Bacon’s Better Philadelphia, circa 1947

By Kellie Patrick Gates
For PlanPhilly

Sixty years ago this month, a team of visionary planners, architects and civic activists presented Philadelphians with a high-tech glimpse of what their city could one day be – if they were willing to plan for the future.

In 1947, Philadelphia was both booming economically and brimming with post-war optimism. Federal redevelopment money was plentiful.  City Council had five years earlier created a new, stronger Planning Commission that had a technical staff and a mandate to create guidelines for growth.

But “most Philadelphians didn’t know what planning was,” said Greg Heller, president of the Ed Bacon Foundation.

Bacon was part of a who’s-who team that wanted to change that. He, architects Oskar Stonorov and Louis Kahn and civic leaders such as Walter Phillips and Edward Hopkinson wanted not only to get city residents excited about planning, but convince them it was worth their tax dollars.

“Their primary goal was to bring legitimacy to the city’s new planning commission,” Heller said at an event held Tuesday night to celebrate the Better Philadelphia Exhibit, which opened on two floors of Gimbel’s Department Store in September 1947.

Hopkinson raised the $340,000 it took to build the exhibit, plus additional money that paid for billboards, newspaper and radio ads. In one month, 385,000 people flocked to the exhibit.

These days, many more Philadelphians understand planning. In fact, neighborhood associations have become their own community’s advocates and, at times, vocal critics of what gets built where.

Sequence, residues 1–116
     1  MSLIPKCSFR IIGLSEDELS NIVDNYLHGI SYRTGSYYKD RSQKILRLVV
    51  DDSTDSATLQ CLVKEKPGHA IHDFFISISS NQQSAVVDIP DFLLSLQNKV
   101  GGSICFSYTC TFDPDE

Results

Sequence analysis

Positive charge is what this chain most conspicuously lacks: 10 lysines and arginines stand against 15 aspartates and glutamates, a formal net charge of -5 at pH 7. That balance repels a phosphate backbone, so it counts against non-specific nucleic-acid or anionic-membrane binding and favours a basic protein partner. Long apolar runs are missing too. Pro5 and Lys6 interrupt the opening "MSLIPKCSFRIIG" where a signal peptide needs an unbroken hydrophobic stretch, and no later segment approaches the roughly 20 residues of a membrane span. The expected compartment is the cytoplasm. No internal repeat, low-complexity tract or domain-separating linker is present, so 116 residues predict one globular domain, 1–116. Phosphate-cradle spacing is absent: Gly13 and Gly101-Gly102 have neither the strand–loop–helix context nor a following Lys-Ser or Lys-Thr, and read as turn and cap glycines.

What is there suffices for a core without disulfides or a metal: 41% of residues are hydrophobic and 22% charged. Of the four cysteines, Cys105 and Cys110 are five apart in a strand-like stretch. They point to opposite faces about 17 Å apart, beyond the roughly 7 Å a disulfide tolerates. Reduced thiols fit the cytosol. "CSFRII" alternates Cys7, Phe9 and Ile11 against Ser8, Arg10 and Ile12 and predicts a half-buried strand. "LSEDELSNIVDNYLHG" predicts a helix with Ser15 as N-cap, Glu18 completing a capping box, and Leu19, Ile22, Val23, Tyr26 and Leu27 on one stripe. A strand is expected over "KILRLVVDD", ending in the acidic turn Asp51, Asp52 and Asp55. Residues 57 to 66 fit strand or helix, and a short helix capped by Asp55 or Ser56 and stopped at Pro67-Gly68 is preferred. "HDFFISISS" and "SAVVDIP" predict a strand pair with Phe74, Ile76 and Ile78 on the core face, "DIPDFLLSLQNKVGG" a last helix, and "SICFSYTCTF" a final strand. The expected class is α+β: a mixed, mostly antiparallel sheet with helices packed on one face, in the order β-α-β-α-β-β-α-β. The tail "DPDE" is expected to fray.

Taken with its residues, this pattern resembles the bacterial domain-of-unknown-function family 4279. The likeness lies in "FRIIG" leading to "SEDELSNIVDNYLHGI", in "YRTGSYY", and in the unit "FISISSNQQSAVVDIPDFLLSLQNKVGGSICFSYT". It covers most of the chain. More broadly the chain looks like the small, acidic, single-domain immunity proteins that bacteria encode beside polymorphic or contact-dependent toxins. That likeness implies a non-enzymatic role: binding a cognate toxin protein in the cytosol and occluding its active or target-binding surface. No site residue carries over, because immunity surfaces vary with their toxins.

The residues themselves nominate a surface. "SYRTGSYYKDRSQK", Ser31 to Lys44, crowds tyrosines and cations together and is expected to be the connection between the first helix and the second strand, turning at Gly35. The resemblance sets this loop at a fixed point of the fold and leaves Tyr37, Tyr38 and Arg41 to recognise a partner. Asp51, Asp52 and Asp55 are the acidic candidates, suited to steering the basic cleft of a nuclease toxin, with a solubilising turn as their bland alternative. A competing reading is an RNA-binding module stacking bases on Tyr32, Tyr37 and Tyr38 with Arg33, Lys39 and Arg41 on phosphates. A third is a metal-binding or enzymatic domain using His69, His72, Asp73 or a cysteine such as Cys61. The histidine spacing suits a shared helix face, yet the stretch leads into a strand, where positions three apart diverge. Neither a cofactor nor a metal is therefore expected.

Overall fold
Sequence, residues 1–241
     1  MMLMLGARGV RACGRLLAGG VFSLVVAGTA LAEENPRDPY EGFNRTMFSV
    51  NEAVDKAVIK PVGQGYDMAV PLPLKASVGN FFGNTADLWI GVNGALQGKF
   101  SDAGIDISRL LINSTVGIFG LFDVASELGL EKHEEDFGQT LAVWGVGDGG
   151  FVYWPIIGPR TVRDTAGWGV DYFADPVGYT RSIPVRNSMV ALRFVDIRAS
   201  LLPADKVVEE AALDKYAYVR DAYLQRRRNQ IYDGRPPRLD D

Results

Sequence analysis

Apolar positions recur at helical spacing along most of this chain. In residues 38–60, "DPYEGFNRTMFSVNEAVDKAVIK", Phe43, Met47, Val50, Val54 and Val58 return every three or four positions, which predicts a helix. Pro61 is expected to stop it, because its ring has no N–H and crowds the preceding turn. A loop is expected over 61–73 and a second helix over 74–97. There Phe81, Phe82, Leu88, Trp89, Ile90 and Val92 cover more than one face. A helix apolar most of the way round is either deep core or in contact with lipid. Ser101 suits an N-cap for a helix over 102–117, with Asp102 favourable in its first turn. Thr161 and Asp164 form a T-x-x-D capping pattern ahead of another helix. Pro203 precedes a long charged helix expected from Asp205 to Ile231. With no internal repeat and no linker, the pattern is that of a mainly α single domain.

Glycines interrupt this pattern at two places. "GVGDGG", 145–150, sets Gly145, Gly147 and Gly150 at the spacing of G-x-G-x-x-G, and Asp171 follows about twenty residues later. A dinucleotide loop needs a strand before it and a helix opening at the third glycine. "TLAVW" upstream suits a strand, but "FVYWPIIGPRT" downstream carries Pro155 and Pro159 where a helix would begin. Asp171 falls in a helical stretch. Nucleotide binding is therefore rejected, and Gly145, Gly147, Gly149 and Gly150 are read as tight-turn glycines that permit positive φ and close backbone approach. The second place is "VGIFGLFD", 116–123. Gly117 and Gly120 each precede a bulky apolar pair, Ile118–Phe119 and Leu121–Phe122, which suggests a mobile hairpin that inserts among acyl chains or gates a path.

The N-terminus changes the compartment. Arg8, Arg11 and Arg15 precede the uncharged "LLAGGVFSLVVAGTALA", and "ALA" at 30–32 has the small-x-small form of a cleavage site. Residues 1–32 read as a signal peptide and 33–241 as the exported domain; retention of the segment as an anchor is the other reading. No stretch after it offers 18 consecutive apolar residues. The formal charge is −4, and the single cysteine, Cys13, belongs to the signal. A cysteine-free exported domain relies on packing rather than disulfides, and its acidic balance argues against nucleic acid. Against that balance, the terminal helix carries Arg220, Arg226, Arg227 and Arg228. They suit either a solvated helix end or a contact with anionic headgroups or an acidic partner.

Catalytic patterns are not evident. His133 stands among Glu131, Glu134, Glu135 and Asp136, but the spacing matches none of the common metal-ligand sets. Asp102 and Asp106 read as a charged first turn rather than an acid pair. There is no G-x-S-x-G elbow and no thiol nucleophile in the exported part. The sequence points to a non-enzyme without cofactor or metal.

Still, Heller and the other planners and architects who led last night’s discussion think it might be time for another big planning exhibition to get Philadelphian’s thinking about their city’s future.

Many are already talking about redeveloping the city’s waterfront. Penn Praxis recently unveiled a vision that calls for extending the Center City street grid out to the Delaware River. Those who attended planning meetings this past summer often came to talk about what they didn’t want – the two proposed casinos. But they also passionately talked about what they wanted: access to the water. Green space. A healthy port and small-scale commercial and residential development.

And Philadelphians recently voted to overhaul the city’s zoning code. A Commission charged with updating and simplifying the code, as well as removing any inconsistencies, began meeting last month.

“At the moment, I feel a swing back in the direction of planning,” said architectural historian David Brownlee. “People are fed up with private interests dictating what happens in a peace meal way.”

In the 1940s, the movement toward planning was fueled by the post-war feeling that anything could happen. The current climate is more about a determination that some of what is happening will stop.

People today don’t want as much top-down guidance from city planning, Heller said – many like the large influence of neighborhood associations – but they do want the city to take a leadership role and set stronger development guidelines.

The 1947 exhibit, which forecast the Philadelphia of 1982, assumed most Philadelphians needed much more than that.